ShowDetails (Women) PARIS Magazine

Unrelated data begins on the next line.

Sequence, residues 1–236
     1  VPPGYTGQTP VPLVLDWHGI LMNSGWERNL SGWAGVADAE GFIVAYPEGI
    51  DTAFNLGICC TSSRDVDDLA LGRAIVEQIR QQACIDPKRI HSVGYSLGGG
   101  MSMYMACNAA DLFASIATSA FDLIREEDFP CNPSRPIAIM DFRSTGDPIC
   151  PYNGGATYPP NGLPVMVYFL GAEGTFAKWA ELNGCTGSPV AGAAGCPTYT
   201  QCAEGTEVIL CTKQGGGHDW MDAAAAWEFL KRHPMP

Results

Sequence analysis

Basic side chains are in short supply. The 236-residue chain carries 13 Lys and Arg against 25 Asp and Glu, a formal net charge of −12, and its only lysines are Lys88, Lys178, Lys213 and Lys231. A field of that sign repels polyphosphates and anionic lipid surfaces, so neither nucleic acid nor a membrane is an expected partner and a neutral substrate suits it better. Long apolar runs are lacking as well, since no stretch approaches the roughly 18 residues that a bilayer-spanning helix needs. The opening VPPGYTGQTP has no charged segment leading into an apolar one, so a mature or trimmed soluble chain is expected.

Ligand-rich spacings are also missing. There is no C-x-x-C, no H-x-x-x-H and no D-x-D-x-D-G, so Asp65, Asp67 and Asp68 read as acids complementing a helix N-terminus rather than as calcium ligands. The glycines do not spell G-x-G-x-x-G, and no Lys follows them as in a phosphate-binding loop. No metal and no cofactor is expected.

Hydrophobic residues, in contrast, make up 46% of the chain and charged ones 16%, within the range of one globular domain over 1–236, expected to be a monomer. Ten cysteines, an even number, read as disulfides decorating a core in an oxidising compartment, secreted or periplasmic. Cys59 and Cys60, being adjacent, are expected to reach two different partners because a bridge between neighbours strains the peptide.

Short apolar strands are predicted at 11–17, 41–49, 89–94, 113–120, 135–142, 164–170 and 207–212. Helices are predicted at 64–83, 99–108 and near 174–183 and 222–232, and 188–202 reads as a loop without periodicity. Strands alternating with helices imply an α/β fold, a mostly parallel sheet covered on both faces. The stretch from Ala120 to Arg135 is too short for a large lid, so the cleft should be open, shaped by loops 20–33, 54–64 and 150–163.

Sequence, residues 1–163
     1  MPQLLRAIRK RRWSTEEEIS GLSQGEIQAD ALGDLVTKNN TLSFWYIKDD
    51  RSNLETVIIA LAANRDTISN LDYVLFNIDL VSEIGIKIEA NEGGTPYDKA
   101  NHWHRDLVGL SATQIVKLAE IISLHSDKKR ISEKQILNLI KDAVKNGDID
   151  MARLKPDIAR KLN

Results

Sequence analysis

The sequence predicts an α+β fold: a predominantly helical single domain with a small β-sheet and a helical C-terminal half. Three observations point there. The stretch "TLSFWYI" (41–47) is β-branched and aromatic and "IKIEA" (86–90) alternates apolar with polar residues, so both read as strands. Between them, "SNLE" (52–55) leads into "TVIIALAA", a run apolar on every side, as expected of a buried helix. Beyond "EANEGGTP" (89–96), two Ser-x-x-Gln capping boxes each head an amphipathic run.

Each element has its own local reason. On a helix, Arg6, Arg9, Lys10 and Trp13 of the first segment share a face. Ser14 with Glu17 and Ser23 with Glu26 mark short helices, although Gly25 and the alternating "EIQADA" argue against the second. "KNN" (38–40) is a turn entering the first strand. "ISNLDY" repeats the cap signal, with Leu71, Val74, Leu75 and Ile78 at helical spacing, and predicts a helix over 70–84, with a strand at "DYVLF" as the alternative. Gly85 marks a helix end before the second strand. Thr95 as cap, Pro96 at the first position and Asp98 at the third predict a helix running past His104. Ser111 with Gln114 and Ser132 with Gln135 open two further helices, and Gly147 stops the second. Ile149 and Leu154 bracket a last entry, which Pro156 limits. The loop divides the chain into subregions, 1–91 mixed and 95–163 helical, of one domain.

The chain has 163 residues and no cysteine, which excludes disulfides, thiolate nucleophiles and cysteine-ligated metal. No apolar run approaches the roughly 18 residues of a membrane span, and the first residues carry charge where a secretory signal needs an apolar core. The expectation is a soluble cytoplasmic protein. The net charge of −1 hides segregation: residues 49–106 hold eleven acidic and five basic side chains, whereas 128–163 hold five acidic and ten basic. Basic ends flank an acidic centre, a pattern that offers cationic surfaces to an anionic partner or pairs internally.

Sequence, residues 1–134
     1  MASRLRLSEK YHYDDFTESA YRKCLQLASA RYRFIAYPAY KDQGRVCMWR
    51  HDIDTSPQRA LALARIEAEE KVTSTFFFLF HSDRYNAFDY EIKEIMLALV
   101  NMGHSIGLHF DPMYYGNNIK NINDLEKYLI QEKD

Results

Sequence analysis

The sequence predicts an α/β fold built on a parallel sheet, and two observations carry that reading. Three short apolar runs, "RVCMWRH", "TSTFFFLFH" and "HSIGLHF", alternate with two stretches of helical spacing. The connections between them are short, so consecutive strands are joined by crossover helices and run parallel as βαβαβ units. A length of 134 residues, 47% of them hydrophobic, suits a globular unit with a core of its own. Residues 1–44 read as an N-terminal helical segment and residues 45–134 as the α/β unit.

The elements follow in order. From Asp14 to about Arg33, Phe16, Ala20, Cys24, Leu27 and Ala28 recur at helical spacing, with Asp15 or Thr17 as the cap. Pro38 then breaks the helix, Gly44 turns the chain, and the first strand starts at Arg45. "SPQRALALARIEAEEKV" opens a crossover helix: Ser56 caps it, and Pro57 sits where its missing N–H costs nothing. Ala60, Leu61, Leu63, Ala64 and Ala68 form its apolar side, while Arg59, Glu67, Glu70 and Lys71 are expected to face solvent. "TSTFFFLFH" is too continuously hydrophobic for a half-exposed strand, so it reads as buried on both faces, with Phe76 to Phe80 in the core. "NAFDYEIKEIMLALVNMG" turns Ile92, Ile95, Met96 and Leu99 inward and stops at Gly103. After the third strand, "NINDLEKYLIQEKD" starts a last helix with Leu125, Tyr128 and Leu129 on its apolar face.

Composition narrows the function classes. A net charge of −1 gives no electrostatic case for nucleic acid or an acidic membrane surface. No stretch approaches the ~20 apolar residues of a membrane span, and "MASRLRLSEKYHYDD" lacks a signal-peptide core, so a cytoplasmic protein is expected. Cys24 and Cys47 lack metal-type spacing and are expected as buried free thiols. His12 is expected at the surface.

Excesses, whims, extravagances. Paris too witnessed the onslaught of maximalism currently taking fashion by storm, meaning that designers seemed to compete to see just how many different garments, styles or colours one could wear at any one time. Perhaps the ‘less is more’ ethos just does not fit with a cultural and historical moment in time that resembles a cauldron into which anything and everything is thrown. One’s very identity, not just individual but also collective, dissolves in a kind of liquidity, the only antidote to which appears to be going crazy with a kaleidoscope of views, tastes and attitudes translated into as many ways of dressing. No surprise, then, that one of the periods many designers looked back to was the ’80s – excessive, rampant, hedonist – from which they took maxi-jewellery, bright make-up, oversized shoulders, puff sleeves, high waist, surfaces dripping with gold and sequins, and a tendency to layer up and mix & match with the risk of bad taste never far away.Potpourri is all of this and more, amongst rococo frills and flounces, tailoring overwhelmed by patchwork and destructuring, streetwear and aristocratic looks that teamed denim with sumptuous upholstery fabrics and where even the colour combinations followed rules of their own. The punk movement also had its own rules, with its yearning for chaos and transgression; there it goes again, a sexy-sweet yet still raw kind of Neo-Punk, born out of another era, the ’70s, which has featured on the runways for several seasons. Created out of a refusal of the fashion establishment, punk has become a fashion itself, legitimizing such accessories as chains, safety pins, studs, fetish garments, combat boots and leather. The forerunner of the genre, Vivienne Westwood, reinterprets it every season, this time offering a rural version in shocking red, while others mixed it with menswear, military and/or sportswear. Checks and tartan are other must-have details. Those who have the possibility of delving into the brand archives do so with Revisitations of cults, at times staying close to the original and at others opting for a more courageous, personal interpretation, fusing tradition and contemporaneity – the latter represented by oversize streetwear, techno materials or jeans.
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